UNAIDS attributes the effective scaling-up in large part to the fall of treatment prices, indicating that many developing countries had used TRIPS flexibilities to produce and purchase generic antiretroviral medications.
Professor Abbott said that while implementation has been limited, TRIPS flexibilities have also served as a bargaining chip. “Part of the principle of these flexibilities is that they are in the background of negotiations. One of the reasons why companies will issue voluntary licences is because of the threat of compulsory licences.”
But many challenges remain, the delegates agreed. More than 7.6 million people from low and middle income countries who need HIV/AIDS treatment are not receiving it. About 97% of patients receiving treatment in low and middle income countries, excluding the Americas, are on first line treatment therapies. As their resistance grows, more and more patients will need to move to more expensive second and third line regimens. According to Mr Sidibé, second line treatments are selling at three times the price of first line treatments and third line treatments are even more expensive.
As well as issues surrounding the next stage of antiretroviral therapy scale-up, delegates called attention to a wide range of other increasingly urgent global health issues. From the lack of sufficient research and development in areas such as neglected diseases and antibiotics to the growing problem of non-communicable diseases and substandard medications, the list of innovation and access challenges is long.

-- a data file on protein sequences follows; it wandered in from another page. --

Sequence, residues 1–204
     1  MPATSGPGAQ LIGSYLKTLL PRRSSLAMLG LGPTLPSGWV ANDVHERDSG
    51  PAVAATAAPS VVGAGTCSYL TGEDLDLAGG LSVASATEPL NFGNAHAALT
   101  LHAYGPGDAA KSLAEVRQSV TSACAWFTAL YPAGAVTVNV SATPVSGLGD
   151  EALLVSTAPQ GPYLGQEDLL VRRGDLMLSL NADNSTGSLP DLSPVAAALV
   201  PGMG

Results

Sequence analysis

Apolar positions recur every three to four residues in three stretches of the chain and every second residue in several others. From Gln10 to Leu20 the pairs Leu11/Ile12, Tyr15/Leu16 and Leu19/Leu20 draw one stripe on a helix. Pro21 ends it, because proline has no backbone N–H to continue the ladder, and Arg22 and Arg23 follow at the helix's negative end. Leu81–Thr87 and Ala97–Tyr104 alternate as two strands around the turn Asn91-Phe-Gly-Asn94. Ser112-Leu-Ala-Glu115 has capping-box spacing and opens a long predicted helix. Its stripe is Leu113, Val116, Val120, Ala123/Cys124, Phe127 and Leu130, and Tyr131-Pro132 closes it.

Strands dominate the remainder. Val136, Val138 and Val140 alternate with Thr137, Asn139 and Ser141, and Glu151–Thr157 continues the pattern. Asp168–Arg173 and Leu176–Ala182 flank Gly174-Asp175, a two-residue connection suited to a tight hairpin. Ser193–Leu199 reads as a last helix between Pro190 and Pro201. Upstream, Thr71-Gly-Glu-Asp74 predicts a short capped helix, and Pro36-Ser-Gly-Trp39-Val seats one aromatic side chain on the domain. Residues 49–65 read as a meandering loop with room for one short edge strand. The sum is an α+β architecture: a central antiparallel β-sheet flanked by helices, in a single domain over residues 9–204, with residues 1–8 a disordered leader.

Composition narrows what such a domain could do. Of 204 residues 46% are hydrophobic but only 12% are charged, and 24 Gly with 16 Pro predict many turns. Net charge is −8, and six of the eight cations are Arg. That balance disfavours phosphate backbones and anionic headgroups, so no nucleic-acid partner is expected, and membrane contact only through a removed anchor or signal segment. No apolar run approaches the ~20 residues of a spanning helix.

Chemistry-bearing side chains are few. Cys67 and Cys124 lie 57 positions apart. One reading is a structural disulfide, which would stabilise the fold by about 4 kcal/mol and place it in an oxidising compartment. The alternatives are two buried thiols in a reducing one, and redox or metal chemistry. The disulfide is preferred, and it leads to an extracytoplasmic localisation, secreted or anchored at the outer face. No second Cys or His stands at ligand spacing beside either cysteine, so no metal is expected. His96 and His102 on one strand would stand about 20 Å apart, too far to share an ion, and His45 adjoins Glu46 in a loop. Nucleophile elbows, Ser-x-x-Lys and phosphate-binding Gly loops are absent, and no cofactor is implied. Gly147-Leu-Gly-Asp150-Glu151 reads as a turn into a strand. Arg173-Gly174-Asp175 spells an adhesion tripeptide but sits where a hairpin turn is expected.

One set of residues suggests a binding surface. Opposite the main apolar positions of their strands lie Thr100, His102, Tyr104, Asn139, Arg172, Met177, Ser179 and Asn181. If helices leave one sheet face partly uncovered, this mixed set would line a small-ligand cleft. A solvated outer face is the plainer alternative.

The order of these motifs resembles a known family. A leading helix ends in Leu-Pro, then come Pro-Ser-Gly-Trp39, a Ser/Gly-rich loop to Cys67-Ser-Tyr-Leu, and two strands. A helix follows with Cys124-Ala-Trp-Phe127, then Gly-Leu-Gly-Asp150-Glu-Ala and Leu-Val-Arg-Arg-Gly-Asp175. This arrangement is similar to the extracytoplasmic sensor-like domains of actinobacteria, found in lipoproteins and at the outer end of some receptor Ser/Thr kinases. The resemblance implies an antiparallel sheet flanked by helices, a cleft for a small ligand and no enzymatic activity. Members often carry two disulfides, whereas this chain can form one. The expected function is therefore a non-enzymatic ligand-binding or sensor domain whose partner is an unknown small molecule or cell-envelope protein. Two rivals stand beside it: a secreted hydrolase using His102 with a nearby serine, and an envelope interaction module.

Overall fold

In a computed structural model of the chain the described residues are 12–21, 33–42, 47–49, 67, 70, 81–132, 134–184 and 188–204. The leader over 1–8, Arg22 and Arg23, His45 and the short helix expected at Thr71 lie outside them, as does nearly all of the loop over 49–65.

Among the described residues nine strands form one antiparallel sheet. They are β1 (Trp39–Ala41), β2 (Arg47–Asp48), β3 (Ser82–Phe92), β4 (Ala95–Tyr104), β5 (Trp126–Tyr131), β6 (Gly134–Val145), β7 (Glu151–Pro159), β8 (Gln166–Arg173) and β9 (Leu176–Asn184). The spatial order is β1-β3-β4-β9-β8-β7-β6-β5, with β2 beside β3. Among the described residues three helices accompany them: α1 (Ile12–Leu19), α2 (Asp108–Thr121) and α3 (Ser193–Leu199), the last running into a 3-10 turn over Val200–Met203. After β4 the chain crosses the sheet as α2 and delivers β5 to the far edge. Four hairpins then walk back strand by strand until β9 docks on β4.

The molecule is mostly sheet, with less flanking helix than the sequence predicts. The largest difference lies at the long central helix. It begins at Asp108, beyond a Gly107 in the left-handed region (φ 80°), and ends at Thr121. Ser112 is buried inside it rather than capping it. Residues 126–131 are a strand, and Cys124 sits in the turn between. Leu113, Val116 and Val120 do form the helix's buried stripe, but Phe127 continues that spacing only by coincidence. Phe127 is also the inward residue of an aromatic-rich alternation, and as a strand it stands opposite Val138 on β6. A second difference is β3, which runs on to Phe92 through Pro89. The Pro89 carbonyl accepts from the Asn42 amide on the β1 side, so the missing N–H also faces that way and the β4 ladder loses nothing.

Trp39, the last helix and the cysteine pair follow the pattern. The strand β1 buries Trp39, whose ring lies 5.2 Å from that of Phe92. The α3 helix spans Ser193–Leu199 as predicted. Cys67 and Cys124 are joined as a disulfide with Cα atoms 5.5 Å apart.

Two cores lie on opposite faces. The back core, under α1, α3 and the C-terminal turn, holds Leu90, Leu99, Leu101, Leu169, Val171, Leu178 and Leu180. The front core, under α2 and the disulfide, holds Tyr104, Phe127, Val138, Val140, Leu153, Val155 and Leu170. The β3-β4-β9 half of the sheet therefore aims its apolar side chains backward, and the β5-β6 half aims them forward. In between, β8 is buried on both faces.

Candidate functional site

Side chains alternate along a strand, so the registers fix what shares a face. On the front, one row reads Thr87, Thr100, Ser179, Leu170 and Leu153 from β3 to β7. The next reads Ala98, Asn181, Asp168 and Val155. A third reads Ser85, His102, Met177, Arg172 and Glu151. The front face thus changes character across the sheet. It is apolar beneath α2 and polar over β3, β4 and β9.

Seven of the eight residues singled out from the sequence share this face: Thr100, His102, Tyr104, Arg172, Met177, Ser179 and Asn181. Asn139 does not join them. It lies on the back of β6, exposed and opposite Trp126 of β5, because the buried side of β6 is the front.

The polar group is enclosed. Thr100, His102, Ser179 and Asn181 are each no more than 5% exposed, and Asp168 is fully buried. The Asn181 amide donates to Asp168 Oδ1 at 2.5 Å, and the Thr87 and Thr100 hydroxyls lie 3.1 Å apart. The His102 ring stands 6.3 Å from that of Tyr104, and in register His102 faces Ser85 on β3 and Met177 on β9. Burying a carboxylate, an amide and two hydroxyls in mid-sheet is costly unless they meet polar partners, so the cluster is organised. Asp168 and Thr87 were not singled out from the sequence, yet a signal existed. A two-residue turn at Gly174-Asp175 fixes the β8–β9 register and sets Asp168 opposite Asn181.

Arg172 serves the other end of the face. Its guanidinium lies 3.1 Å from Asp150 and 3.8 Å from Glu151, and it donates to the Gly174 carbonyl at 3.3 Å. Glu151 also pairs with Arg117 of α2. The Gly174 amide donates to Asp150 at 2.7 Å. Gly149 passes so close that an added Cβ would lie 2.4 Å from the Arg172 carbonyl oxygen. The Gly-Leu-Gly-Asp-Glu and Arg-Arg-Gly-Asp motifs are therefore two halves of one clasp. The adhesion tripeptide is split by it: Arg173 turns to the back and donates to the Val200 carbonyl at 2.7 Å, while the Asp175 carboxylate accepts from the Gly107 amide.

Beyond the changing political landscape, the global economic crisis is already affecting essential funding programmes. The Global Fund, the world’s largest backer of national programmes to fight HIV/AIDS, tuberculosis and malaria, confirmed at the symposium that it will be making no new grants or funding until 2014.
Tido Von Schoen-Angerer, executive director of the Campaign for Access to Essential Medicines for Médecins Sans Frontières (MSF, Doctors Without Borders), said that these cuts would have grave consequences. “There is an incongruence between what policymakers say about the need for treatment and the funding gaps that we are facing” (BMJ 2011;343:1124, doi:10.1136/bmj.d7755).
In this complicated, even precarious, context, policy makers from traditionally disparate worlds are joining forces to promote public health solutions together. They are also moving beyond traditional policy making strategies to enact change. “We don’t need treaties to take action,” said Mr Gurry, WIPO head. He emphasised that today, although important to keep their distance from private entities, international agencies cannot be effective working in their own isolated spheres.
The agencies have already begun to collaborate with private partners. WIPO Re:Search is a collaboration of public and private sector stakeholders for the research and development of medicines to treat neglected tropical diseases (NTDs), malaria, and tuberculosis. WHO will also collaborate with private partners within the Pandemic Influenza Preparedness Framework. According to the framework, influenza vaccine, diagnostic, and pharmaceutical manufacturers “will make an annual partnership contribution to the WHO for improving global pandemic influenza preparedness and response.”
Several other initiatives were evoked during the symposium as important elements in the evolving global public health system. The Medicines Patent Pool, which seeks to improve access to affordable HIV medicines in developing countries through voluntary licensing, provides another avenue toward affordable medicines. A binding research and development convention is under discussion at WHO for the creation of a global mechanism that would de-link medicine development from medicine cost with the aim of increasing innovation in disease areas most affecting developing countries.
Cite this as: BMJ 2011;343:d7706